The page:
NLRB: Who Needs Union Elections?

Last Friday, the National Labor Relations Board (NLRB) made it much easier for a union to organize. How much easier? Rolling off a log easier. The Cemex case sets a new standard for when and how employers must recognize a union. To wit:

Old way:

The union must file an election petition with the NLRB when 30% of the work force signs cards to form a bargaining unit; secret election; NLRB certifies union OR at least 50% of unit have signed cards for union and the employer may recognize union without an election.


  • A union can demand recognition based on a claim of majority support without filing election petition to NLRB.
  • The employer must grant recognition without an election or can file its own election petition (RM petition) for NLRB election.
  • If the employer does not act, the NLRB orders mandatory union recognition unless the employer later proves the union did not have majority support or claims the bargaining unit was inappropriate. How? In an unfair labor practice (ULP) with the NLRB.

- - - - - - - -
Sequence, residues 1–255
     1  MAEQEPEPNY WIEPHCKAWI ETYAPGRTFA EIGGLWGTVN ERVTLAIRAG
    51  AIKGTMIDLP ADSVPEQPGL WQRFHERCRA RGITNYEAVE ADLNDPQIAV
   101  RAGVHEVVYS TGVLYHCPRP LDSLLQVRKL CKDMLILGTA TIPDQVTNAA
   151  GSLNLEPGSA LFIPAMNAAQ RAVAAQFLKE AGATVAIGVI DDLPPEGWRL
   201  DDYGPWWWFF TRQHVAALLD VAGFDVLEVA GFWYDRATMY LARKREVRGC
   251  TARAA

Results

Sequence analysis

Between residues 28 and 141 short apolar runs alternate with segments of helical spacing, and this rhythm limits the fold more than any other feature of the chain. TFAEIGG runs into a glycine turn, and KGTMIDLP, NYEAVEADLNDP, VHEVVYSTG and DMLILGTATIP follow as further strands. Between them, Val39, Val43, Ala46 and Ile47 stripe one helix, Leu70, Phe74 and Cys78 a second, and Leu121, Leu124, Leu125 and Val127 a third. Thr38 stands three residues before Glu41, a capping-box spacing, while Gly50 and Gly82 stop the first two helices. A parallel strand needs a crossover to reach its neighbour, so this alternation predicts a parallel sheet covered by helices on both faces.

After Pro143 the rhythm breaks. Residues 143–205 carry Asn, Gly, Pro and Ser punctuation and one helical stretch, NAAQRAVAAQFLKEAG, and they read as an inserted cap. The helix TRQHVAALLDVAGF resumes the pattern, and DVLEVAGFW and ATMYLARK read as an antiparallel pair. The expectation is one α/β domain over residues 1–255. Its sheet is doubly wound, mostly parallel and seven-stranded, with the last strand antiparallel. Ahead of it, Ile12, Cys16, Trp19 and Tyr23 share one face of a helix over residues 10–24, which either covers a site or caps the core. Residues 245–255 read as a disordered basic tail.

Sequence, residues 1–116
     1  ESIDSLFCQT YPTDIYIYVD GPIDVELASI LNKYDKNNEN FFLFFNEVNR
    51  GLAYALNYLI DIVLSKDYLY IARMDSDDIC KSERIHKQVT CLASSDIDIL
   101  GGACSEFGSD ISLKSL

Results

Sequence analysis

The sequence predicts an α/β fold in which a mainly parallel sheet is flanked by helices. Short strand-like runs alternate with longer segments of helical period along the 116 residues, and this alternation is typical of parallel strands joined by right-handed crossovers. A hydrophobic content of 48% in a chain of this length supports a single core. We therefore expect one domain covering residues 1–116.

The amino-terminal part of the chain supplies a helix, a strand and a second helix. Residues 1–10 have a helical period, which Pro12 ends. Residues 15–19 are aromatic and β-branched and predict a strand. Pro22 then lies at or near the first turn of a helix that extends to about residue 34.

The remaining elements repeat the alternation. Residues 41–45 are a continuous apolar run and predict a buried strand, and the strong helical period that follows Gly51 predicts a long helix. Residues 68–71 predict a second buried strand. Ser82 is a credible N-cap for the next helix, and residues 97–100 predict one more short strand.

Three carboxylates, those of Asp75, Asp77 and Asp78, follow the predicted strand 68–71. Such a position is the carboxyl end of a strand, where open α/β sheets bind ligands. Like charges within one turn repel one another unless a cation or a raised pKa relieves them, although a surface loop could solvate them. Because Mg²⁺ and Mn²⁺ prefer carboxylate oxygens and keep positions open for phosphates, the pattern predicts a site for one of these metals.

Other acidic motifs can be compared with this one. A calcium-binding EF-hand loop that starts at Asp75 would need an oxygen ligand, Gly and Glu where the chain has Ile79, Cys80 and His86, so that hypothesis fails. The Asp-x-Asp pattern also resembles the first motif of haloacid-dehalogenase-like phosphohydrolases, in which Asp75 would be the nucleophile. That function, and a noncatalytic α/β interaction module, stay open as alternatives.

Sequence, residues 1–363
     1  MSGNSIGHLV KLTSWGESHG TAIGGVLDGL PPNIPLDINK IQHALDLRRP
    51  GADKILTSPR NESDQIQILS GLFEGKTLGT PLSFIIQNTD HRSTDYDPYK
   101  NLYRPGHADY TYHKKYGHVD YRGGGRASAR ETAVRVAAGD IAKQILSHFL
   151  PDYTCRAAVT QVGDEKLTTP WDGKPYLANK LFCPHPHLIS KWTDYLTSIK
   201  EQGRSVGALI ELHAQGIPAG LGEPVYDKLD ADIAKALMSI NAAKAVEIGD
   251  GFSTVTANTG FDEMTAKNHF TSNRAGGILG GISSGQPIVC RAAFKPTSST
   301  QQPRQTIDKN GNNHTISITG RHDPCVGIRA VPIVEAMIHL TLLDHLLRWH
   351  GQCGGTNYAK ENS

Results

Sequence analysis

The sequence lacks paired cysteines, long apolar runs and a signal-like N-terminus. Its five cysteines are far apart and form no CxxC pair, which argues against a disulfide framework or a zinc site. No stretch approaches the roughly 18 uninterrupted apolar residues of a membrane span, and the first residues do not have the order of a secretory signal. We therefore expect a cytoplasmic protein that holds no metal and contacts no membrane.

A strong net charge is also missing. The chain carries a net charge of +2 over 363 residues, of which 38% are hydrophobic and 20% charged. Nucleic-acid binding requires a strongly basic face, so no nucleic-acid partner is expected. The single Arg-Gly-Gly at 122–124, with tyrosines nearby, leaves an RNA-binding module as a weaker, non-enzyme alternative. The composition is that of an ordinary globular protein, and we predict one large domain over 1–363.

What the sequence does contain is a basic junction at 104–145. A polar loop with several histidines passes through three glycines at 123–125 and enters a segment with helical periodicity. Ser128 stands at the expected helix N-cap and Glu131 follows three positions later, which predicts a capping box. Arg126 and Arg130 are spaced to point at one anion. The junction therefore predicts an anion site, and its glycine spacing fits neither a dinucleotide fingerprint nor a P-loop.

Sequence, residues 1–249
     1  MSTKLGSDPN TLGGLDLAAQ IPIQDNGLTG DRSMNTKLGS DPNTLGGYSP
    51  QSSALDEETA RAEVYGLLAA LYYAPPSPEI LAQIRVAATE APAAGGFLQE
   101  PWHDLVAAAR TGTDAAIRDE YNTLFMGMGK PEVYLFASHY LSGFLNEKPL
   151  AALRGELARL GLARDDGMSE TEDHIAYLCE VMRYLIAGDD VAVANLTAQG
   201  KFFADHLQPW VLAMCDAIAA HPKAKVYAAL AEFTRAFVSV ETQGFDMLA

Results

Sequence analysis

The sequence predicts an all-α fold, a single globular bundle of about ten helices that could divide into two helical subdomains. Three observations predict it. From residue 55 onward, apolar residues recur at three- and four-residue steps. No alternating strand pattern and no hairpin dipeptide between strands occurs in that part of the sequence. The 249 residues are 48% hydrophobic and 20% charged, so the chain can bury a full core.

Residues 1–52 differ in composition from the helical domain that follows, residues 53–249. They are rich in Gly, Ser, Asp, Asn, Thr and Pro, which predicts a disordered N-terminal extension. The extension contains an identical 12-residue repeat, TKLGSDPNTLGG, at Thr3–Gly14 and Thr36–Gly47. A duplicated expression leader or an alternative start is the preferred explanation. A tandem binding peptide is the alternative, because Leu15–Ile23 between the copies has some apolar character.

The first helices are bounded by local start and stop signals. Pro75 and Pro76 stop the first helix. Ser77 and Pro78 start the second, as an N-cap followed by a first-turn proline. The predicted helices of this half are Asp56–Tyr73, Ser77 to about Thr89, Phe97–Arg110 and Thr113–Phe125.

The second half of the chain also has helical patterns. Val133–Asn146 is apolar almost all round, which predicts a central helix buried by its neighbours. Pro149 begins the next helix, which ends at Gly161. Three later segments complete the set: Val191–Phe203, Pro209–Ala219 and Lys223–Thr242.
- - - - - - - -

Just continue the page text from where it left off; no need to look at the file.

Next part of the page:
• If the employer petitions for an election, any unlawful conduct before the election will prompt the Board to issue a mandatory bargaining order.

Say What? Yes this is such a huge change, the NLRB tweeted (Xd?) a flow chart to explain it. Abridged version: all arrows lead to union recognition.


The new framework under Cemex, taken with the NLRB’s return to “quickie election” timelines, make is much easier for unions to organize.  While this is not a complete surprise with this Board, it will have a huge impact on union organizing unless or until the federal courts reverse the NLRB. We will keep you posted when the appeals start coming!

We can help. Give us a call or shoot us an email as soon as you hear about union organizing or are presented with signed cards. The new standards require quick action, in a new landscape. We stand ready to help with this or any other workplace law questions you have.